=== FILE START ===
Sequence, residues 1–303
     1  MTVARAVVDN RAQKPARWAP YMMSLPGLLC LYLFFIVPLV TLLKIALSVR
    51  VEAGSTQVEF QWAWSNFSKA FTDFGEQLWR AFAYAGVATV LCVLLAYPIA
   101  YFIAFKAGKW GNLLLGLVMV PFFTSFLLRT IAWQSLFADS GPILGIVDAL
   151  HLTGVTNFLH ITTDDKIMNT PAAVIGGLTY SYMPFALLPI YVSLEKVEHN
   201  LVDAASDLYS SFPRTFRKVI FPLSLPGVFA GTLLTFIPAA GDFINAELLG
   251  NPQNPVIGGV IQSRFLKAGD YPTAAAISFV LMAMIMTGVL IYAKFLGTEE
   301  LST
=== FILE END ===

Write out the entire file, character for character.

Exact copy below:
Sequence, residues 1–303
     1  MTVARAVVDN RAQKPARWAP YMMSLPGLLC LYLFFIVPLV TLLKIALSVR
    51  VEAGSTQVEF QWAWSNFSKA FTDFGEQLWR AFAYAGVATV LCVLLAYPIA
   101  YFIAFKAGKW GNLLLGLVMV PFFTSFLLRT IAWQSLFADS GPILGIVDAL
   151  HLTGVTNFLH ITTDDKIMNT PAAVIGGLTY SYMPFALLPI YVSLEKVEHN
   201  LVDAASDLYS SFPRTFRKVI FPLSLPGVFA GTLLTFIPAA GDFINAELLG
   251  NPQNPVIGGV IQSRFLKAGD YPTAAAISFV LMAMIMTGVL IYAKFLGTEE
   301  LST